For electronic transactions, cheques and money orders, nothing will change. A $1.03 purchase on Interac will still cost you $1.03.
Are We Ready For This?
Maybe. Almost. According to a survey from the Retail Council of Canada, nearly a quarter of Canadian retailers say they’re not prepared for the switch, with another quarter uncertain. So prepare for the possibility of a few glitches here and there at the checkout line, as retailers adjust to the new reality.
Has Anyone Tried This Before?
Sure. Australia got rid of its penny in 1966, when it switched from the Australian pound to the Australian dollar. The land down under has been doing nicely with five-cent pieces ever since. And over the years countries have often eliminated their smallest currency denominations as inflation ate into their value.
Will My Pennies Be Worth More Once The Penny Is Eliminated?
It’s inevitable that pennies will go up in value as they become historical artifacts. But don’t expect them to make you a millionaire anytime soon. There are literally billions and billions of Canadian pennies out there, with a market value of about 1.5 cents each, based on their metal content. It will take many years for pennies to become valuable collectors’ items. But the pennies in your pocket are actually already worth more than their face value, thanks to the high price of metals in recent years. One of the main reasons for discontinuing the penny is that it costs more to produce than it’s worth. So if nothing else, you can always sell a penny for scrap metal, and make a (tiny) profit.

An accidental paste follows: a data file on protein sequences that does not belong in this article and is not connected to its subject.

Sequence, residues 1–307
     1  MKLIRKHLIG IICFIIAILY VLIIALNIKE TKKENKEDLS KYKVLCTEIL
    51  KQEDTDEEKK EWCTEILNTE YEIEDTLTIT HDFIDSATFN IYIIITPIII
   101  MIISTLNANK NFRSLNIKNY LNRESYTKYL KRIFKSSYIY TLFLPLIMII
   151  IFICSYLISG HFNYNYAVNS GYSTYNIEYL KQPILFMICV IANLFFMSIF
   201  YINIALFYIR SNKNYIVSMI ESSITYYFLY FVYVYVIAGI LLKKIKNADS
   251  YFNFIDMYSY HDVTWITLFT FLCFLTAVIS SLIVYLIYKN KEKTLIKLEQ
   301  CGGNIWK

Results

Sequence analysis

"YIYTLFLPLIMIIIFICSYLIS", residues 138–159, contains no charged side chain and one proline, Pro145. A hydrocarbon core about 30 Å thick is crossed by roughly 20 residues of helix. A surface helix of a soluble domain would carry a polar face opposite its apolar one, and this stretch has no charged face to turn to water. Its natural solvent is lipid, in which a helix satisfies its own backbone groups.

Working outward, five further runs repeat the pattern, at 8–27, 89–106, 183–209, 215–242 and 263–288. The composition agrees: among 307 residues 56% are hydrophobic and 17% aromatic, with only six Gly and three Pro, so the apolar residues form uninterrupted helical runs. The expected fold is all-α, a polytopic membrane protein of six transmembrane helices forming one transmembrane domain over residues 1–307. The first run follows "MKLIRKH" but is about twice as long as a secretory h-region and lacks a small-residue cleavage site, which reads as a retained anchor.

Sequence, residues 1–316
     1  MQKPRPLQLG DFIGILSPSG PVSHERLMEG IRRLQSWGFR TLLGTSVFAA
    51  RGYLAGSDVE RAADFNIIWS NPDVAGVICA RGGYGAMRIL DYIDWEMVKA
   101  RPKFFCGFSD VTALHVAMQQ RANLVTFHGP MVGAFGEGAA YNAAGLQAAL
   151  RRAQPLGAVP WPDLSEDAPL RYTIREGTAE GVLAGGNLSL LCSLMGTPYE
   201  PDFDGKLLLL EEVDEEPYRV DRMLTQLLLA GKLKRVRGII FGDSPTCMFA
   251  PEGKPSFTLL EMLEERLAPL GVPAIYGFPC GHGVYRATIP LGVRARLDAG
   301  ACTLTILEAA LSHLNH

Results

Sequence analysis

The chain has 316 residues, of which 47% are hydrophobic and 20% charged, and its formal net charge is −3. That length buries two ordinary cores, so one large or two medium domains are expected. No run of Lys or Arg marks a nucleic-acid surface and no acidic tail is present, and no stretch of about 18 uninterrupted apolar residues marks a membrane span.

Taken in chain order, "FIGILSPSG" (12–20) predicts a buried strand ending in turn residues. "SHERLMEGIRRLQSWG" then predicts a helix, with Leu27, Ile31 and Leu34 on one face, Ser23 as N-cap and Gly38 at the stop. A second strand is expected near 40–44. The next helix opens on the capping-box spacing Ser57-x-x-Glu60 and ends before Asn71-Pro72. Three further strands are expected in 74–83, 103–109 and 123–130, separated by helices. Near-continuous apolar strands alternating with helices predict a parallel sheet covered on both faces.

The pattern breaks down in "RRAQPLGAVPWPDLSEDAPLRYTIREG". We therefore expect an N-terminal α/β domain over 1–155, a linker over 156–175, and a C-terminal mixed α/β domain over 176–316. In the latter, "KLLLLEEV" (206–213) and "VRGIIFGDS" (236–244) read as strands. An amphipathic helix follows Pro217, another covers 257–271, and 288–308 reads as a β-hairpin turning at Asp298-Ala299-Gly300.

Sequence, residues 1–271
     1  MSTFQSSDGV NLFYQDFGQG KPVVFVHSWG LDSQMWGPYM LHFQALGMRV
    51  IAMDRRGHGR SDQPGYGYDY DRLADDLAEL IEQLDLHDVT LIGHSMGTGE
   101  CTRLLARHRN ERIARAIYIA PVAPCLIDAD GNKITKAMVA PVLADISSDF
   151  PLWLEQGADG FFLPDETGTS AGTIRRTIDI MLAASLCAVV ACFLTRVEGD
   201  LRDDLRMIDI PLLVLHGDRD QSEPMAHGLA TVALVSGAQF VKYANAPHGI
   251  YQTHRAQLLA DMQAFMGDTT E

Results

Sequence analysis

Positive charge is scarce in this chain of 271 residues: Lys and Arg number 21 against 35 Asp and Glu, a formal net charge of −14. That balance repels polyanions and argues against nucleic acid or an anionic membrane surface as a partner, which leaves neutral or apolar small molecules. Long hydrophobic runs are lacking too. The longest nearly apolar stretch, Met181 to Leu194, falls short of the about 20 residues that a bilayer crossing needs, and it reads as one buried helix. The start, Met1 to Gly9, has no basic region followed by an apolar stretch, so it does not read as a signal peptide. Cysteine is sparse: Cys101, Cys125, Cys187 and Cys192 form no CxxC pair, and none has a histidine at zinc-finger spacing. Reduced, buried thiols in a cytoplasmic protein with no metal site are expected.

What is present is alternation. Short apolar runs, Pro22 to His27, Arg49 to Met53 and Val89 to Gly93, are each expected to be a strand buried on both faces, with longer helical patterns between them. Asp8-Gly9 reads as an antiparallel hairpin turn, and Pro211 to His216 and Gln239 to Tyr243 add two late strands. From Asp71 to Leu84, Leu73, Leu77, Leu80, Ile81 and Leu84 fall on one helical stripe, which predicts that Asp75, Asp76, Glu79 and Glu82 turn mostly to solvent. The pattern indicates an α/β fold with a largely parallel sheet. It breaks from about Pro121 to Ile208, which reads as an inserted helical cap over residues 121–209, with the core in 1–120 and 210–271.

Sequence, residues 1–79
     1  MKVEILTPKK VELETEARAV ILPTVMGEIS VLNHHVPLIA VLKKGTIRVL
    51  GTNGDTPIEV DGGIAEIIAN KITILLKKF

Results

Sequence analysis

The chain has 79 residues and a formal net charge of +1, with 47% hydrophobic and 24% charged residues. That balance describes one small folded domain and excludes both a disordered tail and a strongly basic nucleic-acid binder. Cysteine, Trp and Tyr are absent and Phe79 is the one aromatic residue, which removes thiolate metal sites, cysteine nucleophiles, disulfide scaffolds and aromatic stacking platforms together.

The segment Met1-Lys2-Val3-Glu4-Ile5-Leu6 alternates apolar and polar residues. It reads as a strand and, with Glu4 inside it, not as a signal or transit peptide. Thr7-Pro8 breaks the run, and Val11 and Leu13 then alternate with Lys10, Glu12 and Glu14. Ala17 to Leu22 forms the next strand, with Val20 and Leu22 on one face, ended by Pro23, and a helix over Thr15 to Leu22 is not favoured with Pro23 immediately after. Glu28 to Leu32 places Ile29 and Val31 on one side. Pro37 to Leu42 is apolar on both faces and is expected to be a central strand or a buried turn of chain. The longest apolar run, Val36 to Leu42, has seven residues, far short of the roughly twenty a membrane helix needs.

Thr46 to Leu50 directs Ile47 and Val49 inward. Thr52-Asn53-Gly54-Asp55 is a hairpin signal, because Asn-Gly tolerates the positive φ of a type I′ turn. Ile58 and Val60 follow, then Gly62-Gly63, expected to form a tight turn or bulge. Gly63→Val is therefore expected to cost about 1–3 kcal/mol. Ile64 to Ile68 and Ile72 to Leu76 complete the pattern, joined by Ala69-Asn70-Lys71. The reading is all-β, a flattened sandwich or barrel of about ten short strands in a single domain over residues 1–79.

How Can I Get Rid Of My Pennies?
If you’re not interested in collecting pennies on the chance they’ll go up in value, you can take them to your local bank. They’ll pay you for the pennies’ value in a larger denomination, and send the pennies along to the government, which will in turn reimburse the bank.
How Many Pennies Are They Taking Out Of Circulation?
The Royal Canadian Mint says it’s nearly impossible to tell how many pennies there are in circulation, because of hoarding by consumers. But in recent years more than 800 million pennies were minted per year, typically, though the numbers fluctuated wildly. In 2011, the Mint issued 1.1 billion pennies, up from 486 million the year before. So it’s fair to say there are billions and billions of them out there. Pictured: Jim Flaherty, Minister of Finance, with Ian Bennett, president and CEO of the Royal Canadian Mint
What Coin Will They Get Rid Of Next?
It will probably be some time before Canada eliminates another coin denomination, but there is already chatter out there about <a href="http://www.huffingtonpost.ca/2013/01/02/canadian-penny-nickel-discontinued_n_2396990.html">the nickel being more trouble than it’s worth....</a>